The March 2 - 3 tornado outbreak: one EF-4, 39 deaths

By: Dr. Jeff Masters , 02:40 PM GMT die 05o March, anno 2012

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A blanket of snow 2 - 4 inches deep fell yesterday on the regions of Southern Indiana and Northern Kentucky pounded by deadly tornadoes on Friday, adding to the misery of survivors. The violent tornado rampage killed 39 and injured hundreds more, wreaking property damage that will likely exceed $1 billion. Hardest hit were Kentucky and Southern Indiana, which suffered 21 and 12 dead, respectively. Three were killed in Ohio, and one each in Alabama and Georgia. The scale of the outbreak was enormous, with a preliminary total of 139 tornadoes touching down in eleven states, from southern Ohio to Northern Florida. The National Weather Service issued 297 tornado warnings and 388 severe thunderstorm warnings. At one point, 31 separate tornado warnings were in effect during the outbreak, and an area larger than Nebraska--81,000 square miles--received tornado warnings. Tornado watches were posted for 300,000 square miles--an area larger than Texas.


Video 1. Spectacular video of the EF-4 tornado that devastated Henrysville and Marysville, Indiana on March 2, 2012. You can see small satellite vorticies rotating on the side of the main vortex.


Video 2. Another video of the EF-4 tornado that devastated Henrysville and Marysville, Indiana on March 2, 2012, taken from a gas station.

The deadliest and most violent tornado: an EF-4
The deadliest and most violent tornado of the March 2, 2012 outbreak was an EF-4 with winds up to 175 mph that demolished much of Henryville, Chelsea, Marysville, and New Pekin, Indiana. Ten minutes after that tornado demolished much of Henryville, a weaker EF-1 tornado hit the town. The twin tornadoes killed twelve people. The Henryville tornado was the only violent EF-4 tornado of the outbreak.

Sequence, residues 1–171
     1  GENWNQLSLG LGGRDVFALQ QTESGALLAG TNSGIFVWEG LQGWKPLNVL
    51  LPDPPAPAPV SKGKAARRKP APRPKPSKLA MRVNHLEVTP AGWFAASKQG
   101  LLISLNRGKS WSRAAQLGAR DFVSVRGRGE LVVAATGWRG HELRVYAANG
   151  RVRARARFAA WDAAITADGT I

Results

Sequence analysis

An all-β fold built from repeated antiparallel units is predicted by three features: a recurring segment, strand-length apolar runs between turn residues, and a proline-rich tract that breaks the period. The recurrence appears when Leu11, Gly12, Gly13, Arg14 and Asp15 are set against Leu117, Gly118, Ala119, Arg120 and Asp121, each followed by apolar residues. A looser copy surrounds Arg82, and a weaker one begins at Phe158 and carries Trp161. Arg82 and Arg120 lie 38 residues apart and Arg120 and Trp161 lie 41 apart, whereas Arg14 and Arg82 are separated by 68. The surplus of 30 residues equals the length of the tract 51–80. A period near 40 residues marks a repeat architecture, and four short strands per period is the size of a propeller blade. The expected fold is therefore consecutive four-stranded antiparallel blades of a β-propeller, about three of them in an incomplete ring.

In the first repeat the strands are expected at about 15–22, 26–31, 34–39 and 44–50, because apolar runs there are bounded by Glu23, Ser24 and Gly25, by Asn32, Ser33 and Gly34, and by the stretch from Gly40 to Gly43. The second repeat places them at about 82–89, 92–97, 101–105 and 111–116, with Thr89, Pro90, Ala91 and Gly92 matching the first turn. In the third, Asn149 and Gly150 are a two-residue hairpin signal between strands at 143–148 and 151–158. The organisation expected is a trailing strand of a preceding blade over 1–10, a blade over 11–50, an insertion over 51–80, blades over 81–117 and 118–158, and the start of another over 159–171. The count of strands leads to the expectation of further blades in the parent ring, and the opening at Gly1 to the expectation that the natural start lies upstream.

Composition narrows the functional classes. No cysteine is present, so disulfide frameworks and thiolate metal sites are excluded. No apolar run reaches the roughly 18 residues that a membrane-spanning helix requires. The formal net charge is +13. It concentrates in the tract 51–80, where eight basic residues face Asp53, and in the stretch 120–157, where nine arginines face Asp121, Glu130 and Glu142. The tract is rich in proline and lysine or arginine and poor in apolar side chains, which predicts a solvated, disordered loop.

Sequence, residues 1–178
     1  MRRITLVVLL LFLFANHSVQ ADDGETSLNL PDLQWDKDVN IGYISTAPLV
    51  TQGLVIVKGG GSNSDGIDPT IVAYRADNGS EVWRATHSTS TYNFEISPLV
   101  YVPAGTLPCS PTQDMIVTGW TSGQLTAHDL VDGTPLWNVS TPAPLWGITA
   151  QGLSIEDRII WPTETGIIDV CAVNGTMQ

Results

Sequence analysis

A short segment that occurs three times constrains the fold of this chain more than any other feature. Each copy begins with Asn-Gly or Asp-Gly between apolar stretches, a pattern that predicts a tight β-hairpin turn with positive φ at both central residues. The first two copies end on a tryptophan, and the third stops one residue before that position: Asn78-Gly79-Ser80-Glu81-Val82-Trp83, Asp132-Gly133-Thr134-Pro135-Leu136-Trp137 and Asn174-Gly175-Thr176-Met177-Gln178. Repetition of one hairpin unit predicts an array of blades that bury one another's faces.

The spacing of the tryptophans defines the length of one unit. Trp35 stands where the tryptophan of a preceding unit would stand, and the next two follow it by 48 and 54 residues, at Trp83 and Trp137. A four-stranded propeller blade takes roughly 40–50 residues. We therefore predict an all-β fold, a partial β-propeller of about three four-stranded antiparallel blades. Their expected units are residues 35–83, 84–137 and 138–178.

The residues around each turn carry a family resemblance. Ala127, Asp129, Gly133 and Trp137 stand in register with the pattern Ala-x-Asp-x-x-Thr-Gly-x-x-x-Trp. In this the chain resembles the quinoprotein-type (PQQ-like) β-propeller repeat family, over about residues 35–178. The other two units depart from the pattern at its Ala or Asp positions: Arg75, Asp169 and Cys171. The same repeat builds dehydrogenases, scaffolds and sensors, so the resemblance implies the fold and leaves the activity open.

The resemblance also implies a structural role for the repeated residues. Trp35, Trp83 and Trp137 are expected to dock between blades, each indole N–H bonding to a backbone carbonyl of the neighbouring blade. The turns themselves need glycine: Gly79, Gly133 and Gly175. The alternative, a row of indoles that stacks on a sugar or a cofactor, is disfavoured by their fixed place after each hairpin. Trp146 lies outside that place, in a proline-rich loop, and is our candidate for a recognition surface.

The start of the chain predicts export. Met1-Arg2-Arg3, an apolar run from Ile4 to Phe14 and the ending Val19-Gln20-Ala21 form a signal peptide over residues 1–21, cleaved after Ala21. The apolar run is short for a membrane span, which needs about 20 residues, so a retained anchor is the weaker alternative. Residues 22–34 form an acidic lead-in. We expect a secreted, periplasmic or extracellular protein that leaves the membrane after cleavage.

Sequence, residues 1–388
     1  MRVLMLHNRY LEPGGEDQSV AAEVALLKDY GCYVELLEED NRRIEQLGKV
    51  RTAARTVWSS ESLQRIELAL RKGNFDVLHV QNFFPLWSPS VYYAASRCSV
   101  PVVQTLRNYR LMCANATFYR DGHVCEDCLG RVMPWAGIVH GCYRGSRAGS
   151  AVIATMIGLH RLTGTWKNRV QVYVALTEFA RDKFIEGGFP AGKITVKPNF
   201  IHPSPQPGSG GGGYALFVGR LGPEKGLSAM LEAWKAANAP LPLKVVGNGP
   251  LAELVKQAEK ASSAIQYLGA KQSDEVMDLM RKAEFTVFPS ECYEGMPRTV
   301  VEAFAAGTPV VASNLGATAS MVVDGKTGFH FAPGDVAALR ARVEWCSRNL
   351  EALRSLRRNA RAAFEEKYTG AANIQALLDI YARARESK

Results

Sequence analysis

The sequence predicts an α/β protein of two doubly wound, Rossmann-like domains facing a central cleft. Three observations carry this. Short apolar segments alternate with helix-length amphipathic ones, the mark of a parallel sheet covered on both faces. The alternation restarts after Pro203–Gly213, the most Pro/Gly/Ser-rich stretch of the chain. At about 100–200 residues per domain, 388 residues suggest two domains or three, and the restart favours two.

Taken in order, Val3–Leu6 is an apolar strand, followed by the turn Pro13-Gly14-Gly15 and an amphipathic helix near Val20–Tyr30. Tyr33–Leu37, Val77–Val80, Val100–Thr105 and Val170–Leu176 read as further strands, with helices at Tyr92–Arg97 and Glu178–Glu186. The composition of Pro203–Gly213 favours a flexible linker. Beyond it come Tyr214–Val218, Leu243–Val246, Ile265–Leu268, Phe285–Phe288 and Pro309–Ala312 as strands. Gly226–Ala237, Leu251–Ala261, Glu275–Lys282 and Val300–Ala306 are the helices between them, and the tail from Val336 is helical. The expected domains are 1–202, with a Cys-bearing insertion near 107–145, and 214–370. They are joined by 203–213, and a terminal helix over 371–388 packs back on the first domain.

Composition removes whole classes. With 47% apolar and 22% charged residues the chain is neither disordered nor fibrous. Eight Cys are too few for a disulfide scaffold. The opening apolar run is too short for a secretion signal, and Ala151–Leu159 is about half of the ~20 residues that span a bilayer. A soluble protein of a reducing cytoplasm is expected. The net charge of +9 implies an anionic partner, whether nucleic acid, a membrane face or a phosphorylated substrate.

Figure 1. Radar reflectivity image (top) and Doppler velocity image (bottom) of the two tornadoes that hit Henryville, Indiana on March 2, 2012. The first (rightmost) hook echo on the reflectivity image belonged to the only violent tornado of the outbreak, an EF-4 with winds of 166 - 200 mph. Ten minutes after that tornado demolished much of Henryville, a second tornado hit the town. These tornadoes also caused severe damage to the towns of Chelsea, Marysville, and New Pekin, and killed twelve people.

At least eleven other tornadoes in the outbreak have been classified as EF-3s with winds of 136 - 165 mph. Capitalclimate.com reports that the EF-3 tornadoes that crossed three Eastern Kentucky counties were the first tornadoes that strong ever observed, since tornado records began in 1950. The deadliest of the EF-3 tornadoes hit West Liberty, Kentucky, killing eight. Here's a summary of the deadly tornadoes of the outbreak taken from Wikipedia:

EF-4, 12 deaths, Henrysville, Indiana
EF-3, 8 deaths, West Liberty, Kentucky\
EF-2, 5 deaths, East Bernstadt, Kentucky
EF-3, 4 deaths, Crittenden, Kentucky
EF-3, 2 deaths, Holton, Indiana
EF-3, 3 deaths, Peach Grove, Ohio
EF-3, 2 deaths, Blaine, Kentucky
EF-3, 2 deaths, Salyersville, Kentucky
EF-2, 1 death, Jackson's Gap, Alabama


Figure 2. Damage in West Liberty, Kentucky after the March 2, 2012 EF-3 tornado. Image taken from from a Kentucky National Guard Blackhawk helicopter, while landing in West Liberty, KY (Morgan County).


Figure 3. Radar image of the West Liberty, Kentucky EF-3 tornado of March 2, 2012, showing a classic hook echo. The tornado carved a 60-mile-long path through Eastern Kentucky, causing extreme damage in West Liberty. The tornado killed six in West Liberty and two near Frenchburg. At least 75 people were injured. It was the first EF-3 tornado in Eastern Kentucky since 1988.


Video 3. A woman prays for deliverance of West Liberty as the ominous wall cloud of the developing tornado approaches the town.

Incredibly fast-moving storms